By Clarence Haynes
The latest installment of the Tony Awards illustrated the diversity of shows currently making a home on Broadway, with the crop of new theatrical pieces and revivals encompassing an array of forms and themes, some traditional, some new. The big musical winner of the evening was Memphis, which garnered four trophies, including Best Musical. The story of a relationship between a black female singer and a white DJ during the 1950s potentially exemplifies the stylistic fusions that may await theater.
It’s been a season that has featured several shows that speak to the experiences found within the African Diaspora, including Fela!, Ragtime, Race, Superior Donuts and August Wilson’s Fences, which received multiple awards as well. Part of Wilson’s Pittsburgh Cycle, the play features a sanitation worker played by Denzel Washington who grapples with the ghost of his thwarted major league baseball dreams. Washington won his first Tony award for the production, and Viola Davis won her second Tony for leading actress in a play.
A deeply moved, radiant Davis attributed her success to the Divine. And when Fences won for Best Revival of a Play, producer and accepter of the award Carol Shorenstein Hays appeared so overwhelmed and speechless that music came on to keep the show moving.
Fela!, about Afro-beat creator and Nigerian political activist Fela Kuti (and which got big name big-ups from Jay-Z, Will Smith and Jada Pinkett Smith, who came on as producers), received an award for choreography by legendary Bill T. Jones, who is also the production’s director. “May Broadway continue to be strong…. Everybody say ‘Yeah, Yeah,'” Jones proclaimed at the end of his acceptance speech, recounting one of Fela!‘s call-and-response slogans.
Indeed, may Broadway continue to get the message that diversifying its production roster is essential to it remaining strong and relevant. Still, the telecast had as much to say about sexuality as it did about race. Sean Hayes, an affable and humorous host, made out with Kristen Chenoweth onstage as a dig on the controversy generated by a columnist on him playing a straight character in Promises, Promises. Mark Sanchez, a football player from the Jets, introduced one of the show’s performances, admitting that he’s come to enjoy Broadway shows despite being heckled by his teammates.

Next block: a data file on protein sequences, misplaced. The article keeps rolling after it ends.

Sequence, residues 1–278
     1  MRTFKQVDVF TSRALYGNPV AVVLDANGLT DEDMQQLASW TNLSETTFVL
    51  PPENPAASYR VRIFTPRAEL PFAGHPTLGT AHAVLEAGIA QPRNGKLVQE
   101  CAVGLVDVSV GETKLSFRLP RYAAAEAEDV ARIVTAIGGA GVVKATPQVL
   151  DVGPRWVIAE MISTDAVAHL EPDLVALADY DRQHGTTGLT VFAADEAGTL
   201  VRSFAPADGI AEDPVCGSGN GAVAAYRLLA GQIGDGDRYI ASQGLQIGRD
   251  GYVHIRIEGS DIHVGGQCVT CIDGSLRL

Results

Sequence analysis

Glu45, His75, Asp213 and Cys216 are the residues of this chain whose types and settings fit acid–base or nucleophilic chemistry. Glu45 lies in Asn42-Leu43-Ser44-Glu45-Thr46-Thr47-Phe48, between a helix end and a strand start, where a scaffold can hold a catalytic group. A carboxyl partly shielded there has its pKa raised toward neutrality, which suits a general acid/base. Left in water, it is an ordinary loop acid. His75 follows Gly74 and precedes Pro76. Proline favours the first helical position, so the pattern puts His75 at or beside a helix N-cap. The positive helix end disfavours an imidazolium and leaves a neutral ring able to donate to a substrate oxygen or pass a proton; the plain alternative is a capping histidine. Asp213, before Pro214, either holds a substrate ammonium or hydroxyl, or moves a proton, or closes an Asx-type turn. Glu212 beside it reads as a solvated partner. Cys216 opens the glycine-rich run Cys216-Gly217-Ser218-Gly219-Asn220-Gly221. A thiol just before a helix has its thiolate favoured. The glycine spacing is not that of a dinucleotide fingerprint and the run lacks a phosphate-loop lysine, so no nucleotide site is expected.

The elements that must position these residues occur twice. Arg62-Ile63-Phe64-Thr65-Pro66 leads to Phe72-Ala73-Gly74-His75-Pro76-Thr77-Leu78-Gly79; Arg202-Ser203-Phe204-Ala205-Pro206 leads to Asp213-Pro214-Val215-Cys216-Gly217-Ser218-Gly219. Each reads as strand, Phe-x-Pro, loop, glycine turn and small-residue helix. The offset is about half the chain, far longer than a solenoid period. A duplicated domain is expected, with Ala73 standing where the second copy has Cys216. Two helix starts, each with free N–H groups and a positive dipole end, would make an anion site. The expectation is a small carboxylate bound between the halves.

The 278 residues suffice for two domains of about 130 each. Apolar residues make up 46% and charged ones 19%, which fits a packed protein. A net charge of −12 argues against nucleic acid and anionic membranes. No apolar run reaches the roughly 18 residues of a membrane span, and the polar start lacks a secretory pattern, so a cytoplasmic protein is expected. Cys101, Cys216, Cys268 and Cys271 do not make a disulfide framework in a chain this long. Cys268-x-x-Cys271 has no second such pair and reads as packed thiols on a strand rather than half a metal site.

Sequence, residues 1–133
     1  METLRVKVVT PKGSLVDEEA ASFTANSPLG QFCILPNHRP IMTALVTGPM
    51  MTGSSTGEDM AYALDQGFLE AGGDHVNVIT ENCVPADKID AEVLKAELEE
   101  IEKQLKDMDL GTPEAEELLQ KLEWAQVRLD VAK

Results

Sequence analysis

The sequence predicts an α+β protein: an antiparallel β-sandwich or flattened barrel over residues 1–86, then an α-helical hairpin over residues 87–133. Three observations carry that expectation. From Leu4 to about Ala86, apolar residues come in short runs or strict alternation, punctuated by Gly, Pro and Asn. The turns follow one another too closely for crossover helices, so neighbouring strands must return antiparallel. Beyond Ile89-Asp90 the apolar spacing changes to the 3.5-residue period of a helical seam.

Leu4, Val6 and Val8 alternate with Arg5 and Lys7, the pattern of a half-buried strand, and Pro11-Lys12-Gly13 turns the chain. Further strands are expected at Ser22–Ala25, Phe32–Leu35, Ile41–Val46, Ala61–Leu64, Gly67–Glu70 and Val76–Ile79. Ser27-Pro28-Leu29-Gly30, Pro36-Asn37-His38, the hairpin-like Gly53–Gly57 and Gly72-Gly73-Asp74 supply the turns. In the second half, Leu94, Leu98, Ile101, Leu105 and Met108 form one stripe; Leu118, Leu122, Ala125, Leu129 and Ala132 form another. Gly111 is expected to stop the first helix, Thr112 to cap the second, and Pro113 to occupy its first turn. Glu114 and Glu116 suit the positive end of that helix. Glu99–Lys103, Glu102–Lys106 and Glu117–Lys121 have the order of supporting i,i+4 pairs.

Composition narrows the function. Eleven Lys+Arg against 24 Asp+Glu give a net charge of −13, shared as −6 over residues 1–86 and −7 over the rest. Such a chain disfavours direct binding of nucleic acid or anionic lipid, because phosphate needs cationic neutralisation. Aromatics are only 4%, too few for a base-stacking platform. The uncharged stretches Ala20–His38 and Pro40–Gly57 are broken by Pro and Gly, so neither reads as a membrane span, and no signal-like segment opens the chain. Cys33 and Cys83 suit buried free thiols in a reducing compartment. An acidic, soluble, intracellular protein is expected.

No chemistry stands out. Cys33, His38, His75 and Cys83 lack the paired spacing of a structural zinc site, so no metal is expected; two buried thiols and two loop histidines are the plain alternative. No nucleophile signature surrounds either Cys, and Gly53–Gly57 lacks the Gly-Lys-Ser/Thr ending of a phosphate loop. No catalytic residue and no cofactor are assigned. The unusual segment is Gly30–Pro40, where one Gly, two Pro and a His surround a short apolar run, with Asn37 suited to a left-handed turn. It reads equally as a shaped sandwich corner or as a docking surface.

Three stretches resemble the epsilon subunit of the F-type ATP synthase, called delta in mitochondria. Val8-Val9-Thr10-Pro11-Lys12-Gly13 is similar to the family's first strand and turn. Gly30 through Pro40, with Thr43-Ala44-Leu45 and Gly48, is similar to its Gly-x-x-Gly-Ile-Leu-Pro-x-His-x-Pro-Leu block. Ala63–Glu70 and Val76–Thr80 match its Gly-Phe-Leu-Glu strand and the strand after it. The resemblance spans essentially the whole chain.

And then there was the La Cage aux Folles revival from London’s Chocolate City facility. Douglas Hodge in drag performed and entered the audience in drag, flirting with Matthew Morrison and Will Smith, and then won later on for lead actor in a musical. La Cage also took home the prize for best musical revival.
Broadway has long been a haven for projects that honor same sex love and more transgressive ideas around gender, and seems to be on the road to embracing projects that have a punk rock/alt feel. Rent is the grand forerunner of the trend, with more recent entries stirring the pot like Spring Awakening, Passing Strange, American Idiot and even Fela! for that matter, which is as much of a traditional show as it is an on-stage Afro-Beat sonic kaleidoscope meant to make us sway.
Green Day’s Bille Joe Armstrong (who was also part of a rocking opener that electrified) openly mocked the pomp and circumstance speech he was given to introduce his own musical, and it seems like this approach might feel more true to a wave of viewers who understand that all isn’t as it often seems under the big smiles and open arms of old school Broadway.